“The second part, the more strategic football development angle, is that it is designed to become a strategic plan for club development and enhanced governance of clubs throughout the country. It really sits right at the heart of key decisions clubs would take, and how they operate on a day-to-day basis.”

The new system is designed to cater for clubs at the professional (A-Leagues), semi-professional (NSD) and state-league (NPL) levels, providing an overarching set of standards to promote uniformity between clubs and divisions. Theoretically, it could also prepare clubs for movement between divisions if promotion and relegation were to come into effect.

Johnson sees that uniformity as vital to the game moving forward, given the three tiers will be administered by three different organisations: The A-Leagues by the Australian Professional Leagues, the mooted NSD by Football Australia, and the NPL competitions by their respective Member Federations. 

“You have to set different standards for different levels of football. As we roll out the second tier competition in the coming years, Football Australia would licence clubs to participate in that competition because it would be the competition administrator,” he said.

“The next step would be to go down the pyramid. There’d be a continual evolution of the Club Licensing System where we’d set a strategic framework that the competition administrators, the Member Federations, would ultimately work under, in order to create their own criteria for participation and access to the state level competitions.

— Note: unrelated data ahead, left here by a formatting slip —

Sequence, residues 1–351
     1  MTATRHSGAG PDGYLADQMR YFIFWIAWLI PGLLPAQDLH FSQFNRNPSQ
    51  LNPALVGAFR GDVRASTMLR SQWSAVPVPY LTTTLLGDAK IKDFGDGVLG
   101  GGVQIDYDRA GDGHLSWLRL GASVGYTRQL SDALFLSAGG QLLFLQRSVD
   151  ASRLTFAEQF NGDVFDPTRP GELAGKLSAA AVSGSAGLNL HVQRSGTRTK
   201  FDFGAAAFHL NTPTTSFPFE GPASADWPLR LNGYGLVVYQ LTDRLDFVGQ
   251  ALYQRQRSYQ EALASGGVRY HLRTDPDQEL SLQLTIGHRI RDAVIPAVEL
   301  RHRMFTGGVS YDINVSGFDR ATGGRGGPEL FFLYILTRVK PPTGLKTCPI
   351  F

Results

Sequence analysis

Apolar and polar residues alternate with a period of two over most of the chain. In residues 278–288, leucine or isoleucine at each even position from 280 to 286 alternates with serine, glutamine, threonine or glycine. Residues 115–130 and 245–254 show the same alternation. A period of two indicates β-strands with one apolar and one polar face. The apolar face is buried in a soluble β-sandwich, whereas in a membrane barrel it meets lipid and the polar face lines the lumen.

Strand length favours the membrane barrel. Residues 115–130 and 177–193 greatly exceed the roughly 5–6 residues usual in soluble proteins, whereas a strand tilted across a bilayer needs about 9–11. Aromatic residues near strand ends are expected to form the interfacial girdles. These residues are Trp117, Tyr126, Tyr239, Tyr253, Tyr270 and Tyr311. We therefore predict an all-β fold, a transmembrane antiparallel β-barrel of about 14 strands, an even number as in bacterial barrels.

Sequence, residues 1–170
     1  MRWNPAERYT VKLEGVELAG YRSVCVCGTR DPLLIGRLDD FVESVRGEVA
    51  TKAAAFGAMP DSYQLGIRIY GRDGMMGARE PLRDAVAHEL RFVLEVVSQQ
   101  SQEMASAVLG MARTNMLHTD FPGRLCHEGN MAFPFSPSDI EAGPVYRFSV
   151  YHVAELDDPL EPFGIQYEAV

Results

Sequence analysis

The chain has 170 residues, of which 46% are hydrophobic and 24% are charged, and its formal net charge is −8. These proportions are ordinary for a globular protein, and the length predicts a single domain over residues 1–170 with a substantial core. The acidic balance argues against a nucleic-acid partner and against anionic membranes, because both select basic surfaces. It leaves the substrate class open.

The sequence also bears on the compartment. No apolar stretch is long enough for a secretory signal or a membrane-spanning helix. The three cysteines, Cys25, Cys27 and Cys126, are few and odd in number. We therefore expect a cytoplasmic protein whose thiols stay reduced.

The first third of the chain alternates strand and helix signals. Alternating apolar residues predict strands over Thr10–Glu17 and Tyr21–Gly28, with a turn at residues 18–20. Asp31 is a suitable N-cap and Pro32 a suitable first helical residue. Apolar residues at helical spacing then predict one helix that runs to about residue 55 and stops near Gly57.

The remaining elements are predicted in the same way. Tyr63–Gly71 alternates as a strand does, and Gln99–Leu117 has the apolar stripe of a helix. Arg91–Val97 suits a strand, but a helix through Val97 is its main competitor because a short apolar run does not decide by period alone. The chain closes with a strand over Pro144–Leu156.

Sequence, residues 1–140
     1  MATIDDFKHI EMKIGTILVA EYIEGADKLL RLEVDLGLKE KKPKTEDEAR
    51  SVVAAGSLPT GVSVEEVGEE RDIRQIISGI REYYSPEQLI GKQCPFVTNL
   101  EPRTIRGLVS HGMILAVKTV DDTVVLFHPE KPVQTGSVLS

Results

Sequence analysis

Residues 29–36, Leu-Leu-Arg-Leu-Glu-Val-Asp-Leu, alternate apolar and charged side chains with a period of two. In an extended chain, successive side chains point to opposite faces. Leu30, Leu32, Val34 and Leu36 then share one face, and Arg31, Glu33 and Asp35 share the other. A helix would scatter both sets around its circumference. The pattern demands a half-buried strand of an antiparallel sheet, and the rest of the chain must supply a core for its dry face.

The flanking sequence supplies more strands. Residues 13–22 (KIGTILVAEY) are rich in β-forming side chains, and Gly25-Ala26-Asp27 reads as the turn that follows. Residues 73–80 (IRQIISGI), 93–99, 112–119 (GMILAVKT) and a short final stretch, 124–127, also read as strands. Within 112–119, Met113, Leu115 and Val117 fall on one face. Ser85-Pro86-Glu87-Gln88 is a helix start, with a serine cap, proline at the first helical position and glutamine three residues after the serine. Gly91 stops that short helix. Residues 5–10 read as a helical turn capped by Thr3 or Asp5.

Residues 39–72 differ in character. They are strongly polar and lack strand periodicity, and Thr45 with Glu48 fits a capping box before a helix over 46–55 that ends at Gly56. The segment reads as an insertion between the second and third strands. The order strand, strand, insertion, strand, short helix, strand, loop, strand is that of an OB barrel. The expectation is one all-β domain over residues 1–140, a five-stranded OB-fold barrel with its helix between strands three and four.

“That framework that the Member Federations would operate under would give each region across the country a good level of specificity to develop their own criteria to access their own region.”

Concerning the level of football not currently in place – the proposed  second tier – Johnson stated the Federation had the backing of the AAFC, the representative body of the clubs looking to step from the NPL into the second tier of competition, over the new Club Licensing System.

“The AAFC are very much aligned with the direction Football Australia are wanting to go. Their interest in licensing is concerning the NSD, and I don’t think there would be any issues there provided we set the criteria as the right levels,” Johnson said.

“What we’ll get once the system is implemented is the ability to analyse clubs all around the country. We’ll be able to benchmark how clubs in Victoria are performing on and off the pitch, against teams in Brisbane or Hobart or Perth.

“One of the big values of a CLS is it’s a measuring stick that helps us understand which areas clubs around the country are strong in, and which areas they need more focus on. Ultimately, that’s how we grow club football.”